The New York Times reports that South Dakota is #4 among the "Terrible 10"... for regressive state and local taxes. According to data from a new report from the Institute on Taxation and Economic Policy, the percentage of income that non-elderly residents in the lowest 20% income category pay in state and local taxes is 9.5 percentage points more than the percentage of income paid by the wealthiest 1%. Only Washington, Florida, and Texas have a larger gaps between their tax burdens on poor and rich.
Here's how the state and local tax burdens stack up on income brackets in South Dakota and the surrounding states:
South Dakota offers lower tax burdens than Minnesota on everybody but the poor. Montana imposes lower tax burdens than South Dakota on everybody but the top 20%. Minnesota, Montana, and Iowa offer relatively less regressive taxation schemes, keeping the tax burden roughly consistent for most income brackets and offering the least differentials between the burdens on the bottom 20% and the top 1%.
Note that none of the states above show a truly progressive tax system, in which the percentages would get larger as we move down the chart into higher income brackets.
Note also that all of the ideas we've heard so far for improving public goods and services in South Dakota—fuel taxes for roads, sales taxes for teacher pay—are regressive taxes, which will take a larger percentage of lower-income folks' income.
The SDGOP tax and spend socialist highway funding plan is only going to make the tax burden on the middle and lower classes worse. And you watch this deceived fools telling Keloland news that they are OK with it.
And you Democrats can also share the blame by promoting the idea that only radical Tea Party conservatives are against tax increases. The masses are being played like fiddles.
Cory, South Dakota is a failed state by design: you can't possibly be surprised by any of this, are you?
We tax the essentials like food and clothing, that alone I belive lowers are ranking. We are seeing the long terms effects of decades of GOP good ole boy network.
Looks like Montana has it right.
On this rare day, I wholeheartedly agree with Sibby.
If everyone in SD was paying 6%, that would be equitable.
If my family falls back into a lower quintile, maybe moving to Montana is a truly viable option... the trout fishing and elk hunting sure is a bonus!
Gee, Montana has now, has had a Democratic governor for a decade, a goddess for School Superintendent and a robust two party system even as the earth hater party scrambles to undo the progress.
just hit twitter:
So Larry, are you ready to join forces to implement the Montana model here is South Dakota? I need to do more research first, but looks like that work would be worth while.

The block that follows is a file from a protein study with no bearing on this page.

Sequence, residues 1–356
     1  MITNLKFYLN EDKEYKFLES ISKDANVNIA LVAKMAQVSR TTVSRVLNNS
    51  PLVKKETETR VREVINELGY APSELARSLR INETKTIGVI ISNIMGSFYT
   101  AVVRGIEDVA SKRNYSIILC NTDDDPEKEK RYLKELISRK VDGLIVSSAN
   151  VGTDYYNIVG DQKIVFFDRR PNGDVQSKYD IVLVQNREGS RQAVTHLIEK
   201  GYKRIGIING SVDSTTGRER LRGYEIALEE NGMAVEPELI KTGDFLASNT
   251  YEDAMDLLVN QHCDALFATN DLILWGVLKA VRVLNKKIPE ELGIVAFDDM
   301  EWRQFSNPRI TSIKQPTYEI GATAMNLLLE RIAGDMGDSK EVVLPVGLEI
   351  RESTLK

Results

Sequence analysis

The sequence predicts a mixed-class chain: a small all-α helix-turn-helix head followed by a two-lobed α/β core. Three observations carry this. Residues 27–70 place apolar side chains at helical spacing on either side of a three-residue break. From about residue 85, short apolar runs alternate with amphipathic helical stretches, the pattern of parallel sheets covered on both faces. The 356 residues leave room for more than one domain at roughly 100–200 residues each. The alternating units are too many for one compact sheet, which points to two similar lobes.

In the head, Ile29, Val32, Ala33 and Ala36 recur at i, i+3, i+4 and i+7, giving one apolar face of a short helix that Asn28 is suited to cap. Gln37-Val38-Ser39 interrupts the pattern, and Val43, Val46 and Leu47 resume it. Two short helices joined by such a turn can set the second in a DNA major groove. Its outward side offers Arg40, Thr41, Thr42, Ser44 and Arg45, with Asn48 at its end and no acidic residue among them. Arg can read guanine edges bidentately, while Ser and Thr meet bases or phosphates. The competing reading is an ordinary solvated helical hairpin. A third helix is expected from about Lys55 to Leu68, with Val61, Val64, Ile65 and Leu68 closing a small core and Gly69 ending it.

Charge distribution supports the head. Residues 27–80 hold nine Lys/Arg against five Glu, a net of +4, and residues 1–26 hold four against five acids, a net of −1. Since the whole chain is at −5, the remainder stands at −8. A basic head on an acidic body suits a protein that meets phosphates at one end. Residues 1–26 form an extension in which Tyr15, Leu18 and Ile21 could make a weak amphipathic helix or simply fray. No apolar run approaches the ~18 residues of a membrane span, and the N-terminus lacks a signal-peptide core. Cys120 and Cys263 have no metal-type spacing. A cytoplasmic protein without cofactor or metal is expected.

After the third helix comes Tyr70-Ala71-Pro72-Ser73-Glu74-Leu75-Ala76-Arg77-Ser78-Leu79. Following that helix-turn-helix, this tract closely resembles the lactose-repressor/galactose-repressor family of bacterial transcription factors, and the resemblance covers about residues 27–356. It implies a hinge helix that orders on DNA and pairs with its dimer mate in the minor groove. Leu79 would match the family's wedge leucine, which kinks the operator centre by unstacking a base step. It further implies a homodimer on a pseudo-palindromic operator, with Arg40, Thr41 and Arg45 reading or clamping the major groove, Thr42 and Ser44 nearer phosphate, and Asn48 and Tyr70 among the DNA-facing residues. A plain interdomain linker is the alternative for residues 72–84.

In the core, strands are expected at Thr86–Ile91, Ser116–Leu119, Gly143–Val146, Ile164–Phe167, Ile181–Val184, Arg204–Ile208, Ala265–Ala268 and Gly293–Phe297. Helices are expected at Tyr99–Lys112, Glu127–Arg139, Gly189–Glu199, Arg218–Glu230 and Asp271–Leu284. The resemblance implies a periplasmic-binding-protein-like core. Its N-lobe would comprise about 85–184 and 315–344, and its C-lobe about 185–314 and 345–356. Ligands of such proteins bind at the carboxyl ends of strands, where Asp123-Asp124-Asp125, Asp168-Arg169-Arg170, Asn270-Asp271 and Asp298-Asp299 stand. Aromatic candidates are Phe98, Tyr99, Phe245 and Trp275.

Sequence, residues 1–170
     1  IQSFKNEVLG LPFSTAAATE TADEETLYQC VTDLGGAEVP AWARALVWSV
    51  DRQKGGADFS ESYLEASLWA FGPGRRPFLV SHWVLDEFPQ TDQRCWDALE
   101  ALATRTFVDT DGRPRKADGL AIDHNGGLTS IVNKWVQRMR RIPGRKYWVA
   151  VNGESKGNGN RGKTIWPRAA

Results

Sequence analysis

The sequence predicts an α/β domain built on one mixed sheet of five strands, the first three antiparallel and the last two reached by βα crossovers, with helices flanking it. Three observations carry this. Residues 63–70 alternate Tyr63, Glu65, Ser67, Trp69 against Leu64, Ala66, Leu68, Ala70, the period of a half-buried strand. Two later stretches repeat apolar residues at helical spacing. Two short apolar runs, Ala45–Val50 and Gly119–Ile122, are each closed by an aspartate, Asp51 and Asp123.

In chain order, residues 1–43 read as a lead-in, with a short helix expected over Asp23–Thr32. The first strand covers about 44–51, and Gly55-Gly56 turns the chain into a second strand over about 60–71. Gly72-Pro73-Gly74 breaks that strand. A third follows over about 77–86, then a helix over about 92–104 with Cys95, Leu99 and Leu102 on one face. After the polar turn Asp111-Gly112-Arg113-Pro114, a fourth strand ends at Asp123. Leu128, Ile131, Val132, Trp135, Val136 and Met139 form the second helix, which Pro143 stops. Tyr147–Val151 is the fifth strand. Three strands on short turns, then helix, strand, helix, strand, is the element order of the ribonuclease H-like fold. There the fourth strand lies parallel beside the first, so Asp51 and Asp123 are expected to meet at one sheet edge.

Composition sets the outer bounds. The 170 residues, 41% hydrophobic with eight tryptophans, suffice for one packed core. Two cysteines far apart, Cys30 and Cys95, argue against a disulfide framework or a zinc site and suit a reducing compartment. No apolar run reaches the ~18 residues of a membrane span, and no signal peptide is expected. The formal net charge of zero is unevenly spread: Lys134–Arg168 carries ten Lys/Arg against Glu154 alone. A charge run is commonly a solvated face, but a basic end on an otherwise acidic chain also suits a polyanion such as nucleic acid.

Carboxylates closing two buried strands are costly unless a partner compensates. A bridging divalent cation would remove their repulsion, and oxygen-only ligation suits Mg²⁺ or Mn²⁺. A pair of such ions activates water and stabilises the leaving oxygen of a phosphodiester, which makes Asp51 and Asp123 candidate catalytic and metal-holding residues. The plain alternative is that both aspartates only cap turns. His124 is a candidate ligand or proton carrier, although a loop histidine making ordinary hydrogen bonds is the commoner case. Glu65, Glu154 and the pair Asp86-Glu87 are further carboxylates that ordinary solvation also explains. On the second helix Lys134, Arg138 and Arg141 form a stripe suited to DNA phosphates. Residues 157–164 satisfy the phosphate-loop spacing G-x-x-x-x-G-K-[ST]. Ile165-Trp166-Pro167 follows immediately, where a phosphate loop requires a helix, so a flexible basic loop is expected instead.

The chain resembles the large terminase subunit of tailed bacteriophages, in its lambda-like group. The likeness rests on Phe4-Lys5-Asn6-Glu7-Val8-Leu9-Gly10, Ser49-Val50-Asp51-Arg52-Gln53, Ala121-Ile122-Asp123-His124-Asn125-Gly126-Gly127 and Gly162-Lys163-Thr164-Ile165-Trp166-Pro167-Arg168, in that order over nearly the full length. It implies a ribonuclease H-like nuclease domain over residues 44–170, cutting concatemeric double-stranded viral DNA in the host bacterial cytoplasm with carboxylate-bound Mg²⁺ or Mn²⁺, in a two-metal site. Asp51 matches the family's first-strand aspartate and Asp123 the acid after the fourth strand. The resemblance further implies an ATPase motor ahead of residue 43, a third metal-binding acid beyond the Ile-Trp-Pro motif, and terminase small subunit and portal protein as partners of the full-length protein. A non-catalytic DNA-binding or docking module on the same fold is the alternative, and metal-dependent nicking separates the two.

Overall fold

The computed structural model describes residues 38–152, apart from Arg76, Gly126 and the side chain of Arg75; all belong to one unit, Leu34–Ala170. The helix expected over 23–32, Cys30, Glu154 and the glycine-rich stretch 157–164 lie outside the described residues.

This is not surprising at all. SDs a rough place to be poor amongst other things.
The keystone of the Montana system is an income tax. Doesn't bother me but it'll make the pigs squeal if one is attempted in SD.
Sibson, just saw your comment: you are not a partner, you're an albatross lashed to Cory's neck.
But notice, Nick, Montana's keystone is a replacement of, not addition to, other taxes, as a proportion of income. Montana's income tax is barely progressive - the brackets max out at 6.9% at $16,700. They don't have a sales tax, and their property taxes are darn low compared to ours.
Montanans apparently don't mind passing on the opportunity to fill the tax coffers with tourist dollars. Should we do the same?
omg. it was prolly a tactic to get somebody to bite.... now we may never know. thank god
6% for everybody except the "one percent" who nationally should pay $332 billion in financial transaction tax.
You're right Wayne B.,
income tax and none or lower other taxes has created essentially a flat tax in Montana. Not a progressive tax but better than a regressive one.
MN taxes the top 1% highest, followed by Iowa and then Nebraska. Still, all 3 tax the poor higher. That's simply morally wrong.
MNs is the fairest, but it is still wrong that the poor still pay more than the top 1%.
Making sure the rich pay their fair share is how a state gets billion dollar surpluses, folks. Smart government in MN, thanks to those Democrats.
Larry, not surprised, but compelled to continue reporting and educating.
Wayne, really? Montana implemented the income tax as a replacement for the other taxes? Dang: that's where I started a decade ago with my support for a state income tax. And if we followed the Montana model, as Steve calls it, we get a lower percentage of low-income folks' income and a higher percentage of wealthy folks' income... which means we would get more revenue, since the highest 20% have a lot more wealth than the lowest 20%.
Do we have enough economic data to engineer a hybrid income-sales-property tax system to take the percentage slices listed for Montana above or to achieve any other preferred bracket-percentage model? Or would we just want to copy the tax statutes of Montana and hope they produce similar bracket-percentages here?
Larry, Montana has as many Tea Party folks as South Dakota, doesn't it? If they can pass an income tax, why can't we?
Cory, Montana's legislature meets every other year for one thing: if South Dakota's ever met again it would be too soon.
Citibank is in the news, Cory: follow the money.
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